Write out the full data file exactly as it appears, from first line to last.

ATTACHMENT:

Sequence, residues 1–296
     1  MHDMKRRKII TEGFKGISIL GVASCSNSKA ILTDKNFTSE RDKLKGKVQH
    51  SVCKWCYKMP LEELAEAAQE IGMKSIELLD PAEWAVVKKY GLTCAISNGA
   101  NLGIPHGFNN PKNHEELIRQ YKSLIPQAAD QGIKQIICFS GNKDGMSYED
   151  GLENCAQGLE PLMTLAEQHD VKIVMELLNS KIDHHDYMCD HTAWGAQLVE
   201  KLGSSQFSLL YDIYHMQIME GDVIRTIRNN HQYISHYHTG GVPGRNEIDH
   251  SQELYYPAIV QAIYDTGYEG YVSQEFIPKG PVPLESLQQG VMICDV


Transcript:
Sequence, residues 1–296
     1  MHDMKRRKII TEGFKGISIL GVASCSNSKA ILTDKNFTSE RDKLKGKVQH
    51  SVCKWCYKMP LEELAEAAQE IGMKSIELLD PAEWAVVKKY GLTCAISNGA
   101  NLGIPHGFNN PKNHEELIRQ YKSLIPQAAD QGIKQIICFS GNKDGMSYED
   151  GLENCAQGLE PLMTLAEQHD VKIVMELLNS KIDHHDYMCD HTAWGAQLVE
   201  KLGSSQFSLL YDIYHMQIME GDVIRTIRNN HQYISHYHTG GVPGRNEIDH
   251  SQELYYPAIV QAIYDTGYEG YVSQEFIPKG PVPLESLQQG VMICDV